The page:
Inescapable Truths update: which trends have been strengthened or challenged by Covid-19?
We look at the post-Covid landscape through the lens of our Inescapable Truths, where we focus on three key disruptive factors which will influence the medium term outlook:
- the accelerated adoption of technology
- increased populism
- a greater focus on environmental issues, particularly climate change.
The world economy is emerging from the Great Lockdown, but progress is patchy. The US and UK appear to be leading the way, while China remains robust. The eurozone is following, albeit more slowly due to an uneven start with its vaccine programme. Nonetheless, the overall picture is one of developed markets outperforming emerging markets, with economies like India and Brazil struggling to contain the virus.
The other fault line opened up by the pandemic has been inequality within economies, which has likely increased on both an income and wealth metric.
Meanwhile, on a more positive note, the ability of economies to adapt, facilitated by the acceleration in technology, holds out the promise of stronger productivity growth. We have raised our medium-term forecasts as a result, despite the persistence of adverse demographics.
Increased technology may make the efforts of policymakers to address inequality more difficult as the fourth industrial revolution displaces more workers. So, although populism has not reared its head and become an accelerated truth during the pandemic, it is likely to return. History shows social unrest increasing after a pandemic is over, creating an environment for more populist policies.
Environmental issues have come into increasing focus, with greater efforts to tackle climate change. Much attention has been on the Biden administration’s decision to take the US back into the Paris Accord and increase infrastructure spend in this area, but we have also seen China set a target to be carbon neutral. The energy transition creates significant opportunities, but it also threatens to exacerbate inequalities between developed and emerging markets.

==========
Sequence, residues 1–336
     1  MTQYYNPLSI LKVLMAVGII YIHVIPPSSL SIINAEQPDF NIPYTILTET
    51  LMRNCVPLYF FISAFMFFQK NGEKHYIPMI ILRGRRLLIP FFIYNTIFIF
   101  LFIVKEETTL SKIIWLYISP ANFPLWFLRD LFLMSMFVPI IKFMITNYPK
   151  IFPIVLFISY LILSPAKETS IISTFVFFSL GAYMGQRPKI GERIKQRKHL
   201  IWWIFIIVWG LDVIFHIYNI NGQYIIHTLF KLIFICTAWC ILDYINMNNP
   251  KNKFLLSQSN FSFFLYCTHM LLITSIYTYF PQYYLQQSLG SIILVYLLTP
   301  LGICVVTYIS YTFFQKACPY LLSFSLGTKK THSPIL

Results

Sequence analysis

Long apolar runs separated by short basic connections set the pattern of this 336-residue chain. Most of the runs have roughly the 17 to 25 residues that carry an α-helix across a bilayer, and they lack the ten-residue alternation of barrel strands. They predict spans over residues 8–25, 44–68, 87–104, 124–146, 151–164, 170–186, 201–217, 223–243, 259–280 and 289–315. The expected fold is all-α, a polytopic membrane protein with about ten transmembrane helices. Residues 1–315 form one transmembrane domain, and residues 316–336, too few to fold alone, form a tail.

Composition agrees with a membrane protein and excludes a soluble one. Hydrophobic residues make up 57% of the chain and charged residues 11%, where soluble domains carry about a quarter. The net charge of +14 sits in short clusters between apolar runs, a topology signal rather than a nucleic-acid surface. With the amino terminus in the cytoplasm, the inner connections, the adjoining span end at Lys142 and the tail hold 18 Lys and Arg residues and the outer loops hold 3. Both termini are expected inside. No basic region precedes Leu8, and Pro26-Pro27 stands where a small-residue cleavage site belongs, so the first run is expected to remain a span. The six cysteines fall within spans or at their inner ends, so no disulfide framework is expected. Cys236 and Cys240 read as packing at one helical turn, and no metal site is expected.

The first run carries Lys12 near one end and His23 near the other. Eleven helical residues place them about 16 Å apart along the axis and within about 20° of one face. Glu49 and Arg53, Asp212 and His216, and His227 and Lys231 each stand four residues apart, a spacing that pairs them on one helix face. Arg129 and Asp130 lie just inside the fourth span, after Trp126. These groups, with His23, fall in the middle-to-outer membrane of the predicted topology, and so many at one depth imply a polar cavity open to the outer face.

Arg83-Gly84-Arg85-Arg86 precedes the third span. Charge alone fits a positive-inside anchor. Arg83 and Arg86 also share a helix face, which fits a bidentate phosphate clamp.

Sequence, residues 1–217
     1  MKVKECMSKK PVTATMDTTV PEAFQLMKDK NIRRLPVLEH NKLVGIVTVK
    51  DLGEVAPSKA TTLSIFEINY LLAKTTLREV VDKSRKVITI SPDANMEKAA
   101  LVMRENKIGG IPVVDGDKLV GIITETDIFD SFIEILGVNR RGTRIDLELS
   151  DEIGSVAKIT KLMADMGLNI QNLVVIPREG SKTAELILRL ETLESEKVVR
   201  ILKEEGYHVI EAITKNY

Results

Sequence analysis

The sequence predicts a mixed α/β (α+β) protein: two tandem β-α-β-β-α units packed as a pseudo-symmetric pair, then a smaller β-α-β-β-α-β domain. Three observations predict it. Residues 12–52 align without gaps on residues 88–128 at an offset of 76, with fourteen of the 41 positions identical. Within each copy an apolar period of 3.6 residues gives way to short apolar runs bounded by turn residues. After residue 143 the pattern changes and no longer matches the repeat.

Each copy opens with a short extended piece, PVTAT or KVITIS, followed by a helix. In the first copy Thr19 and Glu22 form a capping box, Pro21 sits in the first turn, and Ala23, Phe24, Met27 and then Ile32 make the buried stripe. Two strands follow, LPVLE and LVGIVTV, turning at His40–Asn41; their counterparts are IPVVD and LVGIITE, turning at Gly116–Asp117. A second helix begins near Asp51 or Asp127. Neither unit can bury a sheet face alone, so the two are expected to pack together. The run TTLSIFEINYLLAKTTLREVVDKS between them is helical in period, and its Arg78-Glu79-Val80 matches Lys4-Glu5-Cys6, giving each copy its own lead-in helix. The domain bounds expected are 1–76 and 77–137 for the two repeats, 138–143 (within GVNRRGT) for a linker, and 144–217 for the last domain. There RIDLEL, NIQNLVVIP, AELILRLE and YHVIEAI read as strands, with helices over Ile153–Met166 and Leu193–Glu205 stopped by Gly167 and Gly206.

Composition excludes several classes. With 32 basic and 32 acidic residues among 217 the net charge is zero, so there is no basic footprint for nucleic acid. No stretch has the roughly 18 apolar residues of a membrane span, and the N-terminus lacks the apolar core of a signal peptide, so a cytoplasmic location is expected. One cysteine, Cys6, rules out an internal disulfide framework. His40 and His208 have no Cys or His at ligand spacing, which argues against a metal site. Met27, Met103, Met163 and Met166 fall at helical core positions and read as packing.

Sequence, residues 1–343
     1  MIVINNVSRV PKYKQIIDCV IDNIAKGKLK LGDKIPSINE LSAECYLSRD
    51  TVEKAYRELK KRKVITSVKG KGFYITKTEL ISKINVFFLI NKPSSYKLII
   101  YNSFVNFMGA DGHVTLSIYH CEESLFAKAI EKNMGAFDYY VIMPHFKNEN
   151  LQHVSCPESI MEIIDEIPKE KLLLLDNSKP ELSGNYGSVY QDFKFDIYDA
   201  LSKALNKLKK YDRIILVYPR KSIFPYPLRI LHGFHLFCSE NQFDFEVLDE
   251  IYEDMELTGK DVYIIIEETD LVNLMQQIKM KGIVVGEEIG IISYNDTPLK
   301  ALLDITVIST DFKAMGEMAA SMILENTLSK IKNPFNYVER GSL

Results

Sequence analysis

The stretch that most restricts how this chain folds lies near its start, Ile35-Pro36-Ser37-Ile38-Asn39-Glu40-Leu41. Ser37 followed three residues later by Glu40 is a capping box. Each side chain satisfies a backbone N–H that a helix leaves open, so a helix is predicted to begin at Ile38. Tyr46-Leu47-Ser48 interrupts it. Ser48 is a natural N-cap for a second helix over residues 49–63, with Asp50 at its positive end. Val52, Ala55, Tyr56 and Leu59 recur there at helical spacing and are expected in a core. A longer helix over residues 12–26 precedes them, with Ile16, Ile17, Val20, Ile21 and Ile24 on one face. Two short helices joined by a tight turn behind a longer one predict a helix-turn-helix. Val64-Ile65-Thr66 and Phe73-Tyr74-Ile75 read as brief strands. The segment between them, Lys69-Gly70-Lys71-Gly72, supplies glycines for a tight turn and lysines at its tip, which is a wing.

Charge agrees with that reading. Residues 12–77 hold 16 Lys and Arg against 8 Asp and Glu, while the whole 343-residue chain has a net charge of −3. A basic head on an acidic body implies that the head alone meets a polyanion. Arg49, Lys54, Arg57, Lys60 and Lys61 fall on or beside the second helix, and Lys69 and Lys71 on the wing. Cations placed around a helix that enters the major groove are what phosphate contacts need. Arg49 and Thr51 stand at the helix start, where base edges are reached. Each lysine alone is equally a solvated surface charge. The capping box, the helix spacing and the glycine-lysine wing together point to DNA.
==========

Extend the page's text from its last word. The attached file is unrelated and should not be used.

Government finances have deteriorated significantly during the pandemic, raising questions about debt sustainability. Nonetheless, there has been a shift in thinking on fiscal policy with governments unwilling to return to austerity and squeeze the public sector. Economic recovery will help, but given the extra spending demands of healthcare and climate change going forward, the pressure on government finances is likely to remain. Higher taxation seems inevitable and governments are training their sights on the corporate sector.
The increasing dominance of monetary policy by fiscal considerations means financial repression is likely to continue. Interest rates remain lower for longer despite the improved growth outlook. Alongside this, however, comes an increased tail risk of higher inflation. Although we expect the recent pick-up in inflation to be transitory, cyclical pressures are building and monetary policy will need to be tightened in 2022.
Looking further out, it is not difficult to construct pessimistic scenarios. An example would be that persistent inequality fuels populist governments who then undermine central bank independence such that inflation gets out of control.
Yet there are still powerful forces pointing the other way. Technology tends to drive down prices through increased competition in both product and labour markets. Also, there is still a consensus in favour of low inflation amongst central banks and the shifts in policy are recognition that in the face of structural forces inflation has been too low.
Against this backdrop there are no easy answers for investors who will need to ride the disruptive trends and find the pockets of growth in the world economy. What seems clear is that governments may now be playing a greater role in driving those trends.
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